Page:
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Living (root) wood bridges

 
Joel Hollingsworth
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Apparently rubber tree roots can be used to bridge streams.

Takes about ten years to become usable, according to the article:

http://rootbridges.blogspot.com/


Very pretty pictures.
 
paul wheaton
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That has to be one of the most awesome things I have ever seen.

Thanks for posting that!

 
Jeremy Bunag
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That is just...awesome.  How cool is that?  A bridge that gets stronger as time goes on!  Plus, how can you not appreciate the beauty of it?

Thanks for the link!
 
rose macaskie
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Incedible, pure walt disney,
    Our trees are so dulll in the west at least in the north of europe, i heard on one documentary that in england they cut down a lot of old trees in th ewar and they brought wood from spain to in the war for ships i suppose. North america though has some awsome bits of wood herself that does not come out much in films, like swamp cypresses and redwoods, i love the redwood in "the hulk" but don't know if it was real, it just changed the scale of the whole world. I wish you would show them more, when the modern world is boring everyone wants to be boring they copy you so show them the most savage you h ave got to better their goals abit or make them more like what i want to see. Good trees in Forest Gump to and there is the wonderfull droppy moss you have in some bits and incredible fall maples. agri rose macaskie.
 
Erica Wisner
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polyparadigm wrote:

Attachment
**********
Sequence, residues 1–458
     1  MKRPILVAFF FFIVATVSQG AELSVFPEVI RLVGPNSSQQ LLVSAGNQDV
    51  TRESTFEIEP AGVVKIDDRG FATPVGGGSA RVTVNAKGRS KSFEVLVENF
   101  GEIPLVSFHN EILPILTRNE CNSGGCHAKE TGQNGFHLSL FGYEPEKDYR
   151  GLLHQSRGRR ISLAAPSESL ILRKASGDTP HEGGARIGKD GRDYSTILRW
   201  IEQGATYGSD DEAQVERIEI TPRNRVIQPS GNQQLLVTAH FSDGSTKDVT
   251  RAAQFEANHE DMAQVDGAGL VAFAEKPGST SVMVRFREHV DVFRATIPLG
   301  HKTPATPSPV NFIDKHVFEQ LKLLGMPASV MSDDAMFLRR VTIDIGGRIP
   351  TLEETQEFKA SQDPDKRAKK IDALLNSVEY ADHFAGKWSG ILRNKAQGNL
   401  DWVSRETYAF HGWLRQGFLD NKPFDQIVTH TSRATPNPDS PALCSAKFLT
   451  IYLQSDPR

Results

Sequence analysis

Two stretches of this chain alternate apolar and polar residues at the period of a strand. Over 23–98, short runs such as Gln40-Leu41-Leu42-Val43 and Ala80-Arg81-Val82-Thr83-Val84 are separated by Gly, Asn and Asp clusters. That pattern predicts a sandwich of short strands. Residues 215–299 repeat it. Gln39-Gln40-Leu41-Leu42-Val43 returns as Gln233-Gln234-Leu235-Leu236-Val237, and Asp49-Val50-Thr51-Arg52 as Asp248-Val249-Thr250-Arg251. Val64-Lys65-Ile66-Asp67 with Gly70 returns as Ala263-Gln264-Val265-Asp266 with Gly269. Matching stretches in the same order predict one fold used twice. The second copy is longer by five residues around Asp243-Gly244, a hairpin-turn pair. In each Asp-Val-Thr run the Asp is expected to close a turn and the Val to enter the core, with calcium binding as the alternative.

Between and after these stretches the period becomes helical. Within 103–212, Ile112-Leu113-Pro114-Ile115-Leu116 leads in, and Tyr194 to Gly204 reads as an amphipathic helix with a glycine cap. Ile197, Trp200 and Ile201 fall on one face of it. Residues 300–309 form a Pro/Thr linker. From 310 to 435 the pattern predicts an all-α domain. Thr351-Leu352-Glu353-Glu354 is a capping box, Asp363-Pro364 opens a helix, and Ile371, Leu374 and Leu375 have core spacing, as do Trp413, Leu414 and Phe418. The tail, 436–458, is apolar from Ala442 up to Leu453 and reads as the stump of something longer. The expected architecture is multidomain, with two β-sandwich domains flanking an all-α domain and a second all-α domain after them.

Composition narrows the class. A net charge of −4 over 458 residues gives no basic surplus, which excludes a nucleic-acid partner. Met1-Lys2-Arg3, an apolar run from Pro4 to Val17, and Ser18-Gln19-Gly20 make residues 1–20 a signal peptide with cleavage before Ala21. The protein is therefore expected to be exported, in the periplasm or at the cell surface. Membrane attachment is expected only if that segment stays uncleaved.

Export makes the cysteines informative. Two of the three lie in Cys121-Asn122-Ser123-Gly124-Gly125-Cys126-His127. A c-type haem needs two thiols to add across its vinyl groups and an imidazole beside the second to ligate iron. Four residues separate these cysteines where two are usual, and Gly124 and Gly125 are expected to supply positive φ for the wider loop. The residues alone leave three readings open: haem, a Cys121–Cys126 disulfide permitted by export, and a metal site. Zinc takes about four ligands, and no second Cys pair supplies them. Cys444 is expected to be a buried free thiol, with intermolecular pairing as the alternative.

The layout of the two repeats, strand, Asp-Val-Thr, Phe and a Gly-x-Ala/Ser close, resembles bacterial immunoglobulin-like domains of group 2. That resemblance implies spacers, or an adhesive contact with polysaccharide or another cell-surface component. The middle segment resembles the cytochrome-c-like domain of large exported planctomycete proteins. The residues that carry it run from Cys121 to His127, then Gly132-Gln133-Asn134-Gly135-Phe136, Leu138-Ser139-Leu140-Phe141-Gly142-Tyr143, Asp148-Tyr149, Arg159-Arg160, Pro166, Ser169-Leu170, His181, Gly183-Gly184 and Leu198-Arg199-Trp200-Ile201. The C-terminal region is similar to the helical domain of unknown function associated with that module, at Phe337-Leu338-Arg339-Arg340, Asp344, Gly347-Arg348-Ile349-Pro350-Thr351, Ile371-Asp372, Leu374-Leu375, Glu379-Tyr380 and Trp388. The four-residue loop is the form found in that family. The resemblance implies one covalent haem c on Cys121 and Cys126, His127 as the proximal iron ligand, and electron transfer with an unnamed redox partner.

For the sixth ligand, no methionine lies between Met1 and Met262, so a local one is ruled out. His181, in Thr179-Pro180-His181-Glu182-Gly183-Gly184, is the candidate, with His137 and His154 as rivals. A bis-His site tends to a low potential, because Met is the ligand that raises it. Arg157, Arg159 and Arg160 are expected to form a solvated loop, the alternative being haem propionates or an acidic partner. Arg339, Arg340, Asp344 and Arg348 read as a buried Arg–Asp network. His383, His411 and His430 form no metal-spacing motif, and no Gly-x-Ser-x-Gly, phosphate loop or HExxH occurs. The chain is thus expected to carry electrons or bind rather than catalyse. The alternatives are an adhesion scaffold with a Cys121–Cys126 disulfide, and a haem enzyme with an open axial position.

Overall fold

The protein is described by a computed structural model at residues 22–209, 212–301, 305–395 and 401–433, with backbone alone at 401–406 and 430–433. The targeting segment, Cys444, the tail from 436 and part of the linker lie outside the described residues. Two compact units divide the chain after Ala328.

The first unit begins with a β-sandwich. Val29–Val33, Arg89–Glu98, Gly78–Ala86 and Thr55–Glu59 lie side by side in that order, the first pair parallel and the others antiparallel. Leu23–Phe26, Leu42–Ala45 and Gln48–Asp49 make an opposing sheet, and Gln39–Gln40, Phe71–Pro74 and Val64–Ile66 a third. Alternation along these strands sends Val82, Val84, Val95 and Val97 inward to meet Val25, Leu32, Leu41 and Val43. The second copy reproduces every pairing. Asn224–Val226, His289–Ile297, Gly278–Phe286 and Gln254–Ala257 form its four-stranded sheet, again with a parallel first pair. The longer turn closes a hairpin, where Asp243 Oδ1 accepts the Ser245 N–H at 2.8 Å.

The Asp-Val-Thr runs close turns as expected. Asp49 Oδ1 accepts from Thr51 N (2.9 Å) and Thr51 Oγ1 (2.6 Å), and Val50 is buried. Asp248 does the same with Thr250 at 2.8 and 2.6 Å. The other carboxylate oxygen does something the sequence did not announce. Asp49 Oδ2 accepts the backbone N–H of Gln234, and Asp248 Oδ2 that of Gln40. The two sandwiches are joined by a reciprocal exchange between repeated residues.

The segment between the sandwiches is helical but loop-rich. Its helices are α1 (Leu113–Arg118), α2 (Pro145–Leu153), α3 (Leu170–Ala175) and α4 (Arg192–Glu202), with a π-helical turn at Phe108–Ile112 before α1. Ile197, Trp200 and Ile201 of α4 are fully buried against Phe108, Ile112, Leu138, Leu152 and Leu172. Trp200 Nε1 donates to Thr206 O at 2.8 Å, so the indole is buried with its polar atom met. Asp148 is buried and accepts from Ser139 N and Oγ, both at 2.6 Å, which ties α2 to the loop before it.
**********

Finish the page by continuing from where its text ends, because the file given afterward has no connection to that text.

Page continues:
Apparently rubber tree roots can be used to bridge streams.

Takes about ten years to become usable, according to the article:

http://rootbridges.blogspot.com/

Very pretty pictures.


Wow.
I wonder if any of our rainforests are damp enough to allow a root to quest its way through a log channel across a stream.  It would have to be a pretty optimistic root. 
What's the closest tree we've got to rubber? 
Mangrove, maybe, for hotter areas;
for damp northern areas, maybe a Willow or cedar?

We get log bridges from time to time when trees fall.  Has anyone ever seen a living tree bridge locally?

I'm reading a novel from the 1920's in which the weekend party reaches the English estate by an elegant stone footbridge, or by driving their motorcars across a shallow ford in the stream. 
So alien to my everyday experience, that cars would be given the second-class crossing... yet there's a definite appeal.

-Erica
 
rose macaskie
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i have been through a ford aren't they called splashes, in the Depth of Devon. It was fun but it was the publick road way, it was not the drive to a smart house. In Devon everything was considered  very far from civilisation. The roads were so narrow you had to back to the nearest wide spot if you saw a car. that was the polite thing to do, if you weren't polite the other person backed.

      I don't think we know what roots can do, we keep everything so orderly cutting and snipping things that should not be there. i remember one wood in England i liked it was not so tidy as other woods there was one tree whose branch stretched right acros a river and was covered in moss and there was moss and ferns and ivy everywhere it was mysteriouse and beautifull but most woods were well kept and no more mysterioues than any other palce, it also had an old iron smelting works so there were ivy and fern clad tunnels and wells.
      We call trees old the minute they are mature, old trees have such enormously wide trunks i have seen an olive like that here that really they are different from young ones. We cut off horizontal branches if they grow too long, they might fall on out heads we don't really know trees, we only know severely restricted trees.
      A poplars quick growing so it would be easier to experiment with. Do you think people dug up roots growing along the river bank to pull them out across the river to make a bridge with. Birds often use roots instead of twigs for their nests they are much more flexible than twigs, hence your budgerigars hanging and pulling on strings they pulled roots out of the ground instead of picking up dry sticks.